Overregullation and Other Problems of Nuclear Power
As the world awaits the discussions and agreements at Kyoto, one fact stands out - that of all the alternate fuels nuclear power is alone in producing no appreciable particulate air pollution, not contributing global warming and, with a breeder reactor being able to produce power for 100,000 years at modest cost. The present problem is that the cost has risen considerably in the last 25 years and begins to approach the costs of some of the solar energy alternatives.
KeywordsNuclear Power Plant Tritiated Water Nuclear Regulatory Commission Safety Goal Event Tree Analysis
Unable to display preview. Download preview PDF.
- Benkhe W. (1997) Communication from W. Benkhe, former CEO of Commonwealth Edison Co. owner and operator of Dresden II and Dresden IIIGoogle Scholar
- CMP (1972) Report from Central Maine Power, Majority Owner of Maine Yankee. This cost does not include a (later) cost of $20 million to remove a causeway and improve tidal flow in the coolant estuary (which many experts thought was unnecessary and certainly would NOT and have been, and was not demanded of a fossil fuel plant).Google Scholar
- Hill, J. (1997) communication to the author by Sir John Hill, Chairman of the UK Atomic Energy Authority at the time.Google Scholar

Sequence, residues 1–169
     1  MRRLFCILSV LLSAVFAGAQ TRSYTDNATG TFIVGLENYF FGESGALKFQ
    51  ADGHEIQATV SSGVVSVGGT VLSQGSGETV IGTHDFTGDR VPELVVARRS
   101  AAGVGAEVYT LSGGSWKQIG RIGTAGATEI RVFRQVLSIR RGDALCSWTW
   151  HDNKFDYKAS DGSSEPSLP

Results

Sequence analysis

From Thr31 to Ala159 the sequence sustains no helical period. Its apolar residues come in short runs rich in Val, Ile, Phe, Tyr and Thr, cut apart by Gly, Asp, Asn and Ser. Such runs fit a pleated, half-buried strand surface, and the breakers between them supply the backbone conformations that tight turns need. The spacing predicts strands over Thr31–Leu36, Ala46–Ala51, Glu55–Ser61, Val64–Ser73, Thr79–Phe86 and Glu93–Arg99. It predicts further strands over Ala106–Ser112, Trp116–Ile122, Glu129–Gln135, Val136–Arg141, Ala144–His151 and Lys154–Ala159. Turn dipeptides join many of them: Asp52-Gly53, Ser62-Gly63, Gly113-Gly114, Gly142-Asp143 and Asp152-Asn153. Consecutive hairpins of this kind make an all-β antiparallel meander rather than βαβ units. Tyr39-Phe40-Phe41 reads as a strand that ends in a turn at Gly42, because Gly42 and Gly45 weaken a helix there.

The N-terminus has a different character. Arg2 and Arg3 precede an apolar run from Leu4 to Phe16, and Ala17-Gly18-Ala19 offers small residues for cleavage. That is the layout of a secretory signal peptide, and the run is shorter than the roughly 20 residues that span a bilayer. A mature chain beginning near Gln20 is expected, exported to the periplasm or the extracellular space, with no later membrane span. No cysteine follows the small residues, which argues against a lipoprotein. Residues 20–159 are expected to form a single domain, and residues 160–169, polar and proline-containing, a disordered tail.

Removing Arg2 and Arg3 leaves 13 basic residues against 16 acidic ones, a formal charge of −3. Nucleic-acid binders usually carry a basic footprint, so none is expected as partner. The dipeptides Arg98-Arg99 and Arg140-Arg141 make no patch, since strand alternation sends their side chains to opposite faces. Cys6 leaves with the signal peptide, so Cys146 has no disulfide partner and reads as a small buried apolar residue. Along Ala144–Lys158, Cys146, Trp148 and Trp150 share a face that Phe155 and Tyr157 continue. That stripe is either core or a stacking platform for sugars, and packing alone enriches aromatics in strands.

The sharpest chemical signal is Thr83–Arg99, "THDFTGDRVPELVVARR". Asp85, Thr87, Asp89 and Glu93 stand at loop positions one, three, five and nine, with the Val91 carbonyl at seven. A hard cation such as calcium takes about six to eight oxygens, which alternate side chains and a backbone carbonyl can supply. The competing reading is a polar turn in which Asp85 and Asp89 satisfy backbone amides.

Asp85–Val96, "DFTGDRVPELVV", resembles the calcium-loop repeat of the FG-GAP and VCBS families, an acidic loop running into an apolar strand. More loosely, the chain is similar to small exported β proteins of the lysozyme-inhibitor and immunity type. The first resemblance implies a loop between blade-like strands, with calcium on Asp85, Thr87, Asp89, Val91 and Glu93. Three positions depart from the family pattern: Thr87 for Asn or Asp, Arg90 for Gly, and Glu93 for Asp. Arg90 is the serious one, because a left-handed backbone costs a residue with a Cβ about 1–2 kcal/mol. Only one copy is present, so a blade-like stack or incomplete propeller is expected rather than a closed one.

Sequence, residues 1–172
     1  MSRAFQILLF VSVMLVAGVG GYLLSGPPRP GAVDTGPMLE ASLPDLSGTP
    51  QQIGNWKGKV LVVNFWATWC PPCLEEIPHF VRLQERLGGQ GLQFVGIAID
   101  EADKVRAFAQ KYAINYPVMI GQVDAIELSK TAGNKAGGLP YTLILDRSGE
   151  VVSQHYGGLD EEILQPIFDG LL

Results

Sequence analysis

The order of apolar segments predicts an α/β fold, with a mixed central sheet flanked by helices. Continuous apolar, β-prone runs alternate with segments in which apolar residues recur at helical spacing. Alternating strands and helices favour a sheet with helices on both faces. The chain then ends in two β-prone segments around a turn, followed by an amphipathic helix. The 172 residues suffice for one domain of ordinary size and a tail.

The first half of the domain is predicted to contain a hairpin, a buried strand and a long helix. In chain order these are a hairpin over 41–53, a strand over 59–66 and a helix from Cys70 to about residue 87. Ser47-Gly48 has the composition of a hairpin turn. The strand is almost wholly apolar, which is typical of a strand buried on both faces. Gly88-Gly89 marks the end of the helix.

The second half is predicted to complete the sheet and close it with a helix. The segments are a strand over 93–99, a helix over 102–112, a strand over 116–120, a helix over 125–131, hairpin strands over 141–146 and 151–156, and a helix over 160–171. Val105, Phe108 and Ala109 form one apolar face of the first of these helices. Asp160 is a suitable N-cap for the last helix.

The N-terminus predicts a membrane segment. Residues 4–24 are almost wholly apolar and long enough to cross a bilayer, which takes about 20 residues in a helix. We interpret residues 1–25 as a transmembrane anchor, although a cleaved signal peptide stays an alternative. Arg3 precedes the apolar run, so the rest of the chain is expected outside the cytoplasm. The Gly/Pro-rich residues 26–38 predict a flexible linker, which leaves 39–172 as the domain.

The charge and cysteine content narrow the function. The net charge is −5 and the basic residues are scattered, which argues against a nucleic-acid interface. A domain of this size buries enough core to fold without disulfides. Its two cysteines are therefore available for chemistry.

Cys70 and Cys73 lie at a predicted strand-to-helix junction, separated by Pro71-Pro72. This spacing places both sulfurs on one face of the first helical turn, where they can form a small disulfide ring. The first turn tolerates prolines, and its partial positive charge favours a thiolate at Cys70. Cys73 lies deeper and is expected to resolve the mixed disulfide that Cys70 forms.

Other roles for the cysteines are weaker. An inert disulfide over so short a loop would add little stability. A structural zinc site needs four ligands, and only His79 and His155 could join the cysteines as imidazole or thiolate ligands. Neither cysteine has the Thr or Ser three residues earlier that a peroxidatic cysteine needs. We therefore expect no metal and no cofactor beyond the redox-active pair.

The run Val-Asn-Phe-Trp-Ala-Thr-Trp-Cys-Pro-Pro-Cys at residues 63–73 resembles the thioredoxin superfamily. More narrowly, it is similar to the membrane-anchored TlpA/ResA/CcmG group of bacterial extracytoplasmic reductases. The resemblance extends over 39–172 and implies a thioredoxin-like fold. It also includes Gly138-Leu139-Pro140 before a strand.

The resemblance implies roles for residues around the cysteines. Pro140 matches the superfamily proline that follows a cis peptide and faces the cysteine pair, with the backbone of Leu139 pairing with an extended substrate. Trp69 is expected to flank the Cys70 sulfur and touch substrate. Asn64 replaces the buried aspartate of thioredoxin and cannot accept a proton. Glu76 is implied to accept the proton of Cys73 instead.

- Kress, T. (1994) Report to Nuclear Regulatory Commission from the Advisory Committee on Reactor SafeguardsGoogle Scholar
- NRC (1987) Nuclear Regulatory Commission report NUREG 1250Google Scholar
- NYT (1997) Figures reported in the New York Times in spring 1997.Google Scholar
- Parkinson, C.N. (1957) “Parkinson’s Law” page 12, Houghton Mifflin, BostonGoogle Scholar
- Towers and Perrin (1995) reportGoogle Scholar
- Webster W. (1972) Letter from William Webster, President of NE Electric System to Richard WilsonGoogle Scholar
- Wilson R. (1994) “The Potential for Nuclear Power” in Global Energy Strategies: Living with Restricted Greenhouse Gas Emissions, edited by J.C. White, Plenum Press, NY. pp. 27–45.Google Scholar
- Wilson, R. and Spengler, J.D. Eds. (1996) “Particles in Our Air: Concentrations and Health Effects” Harvard University Press, Cambridge, MA 02138Google Scholar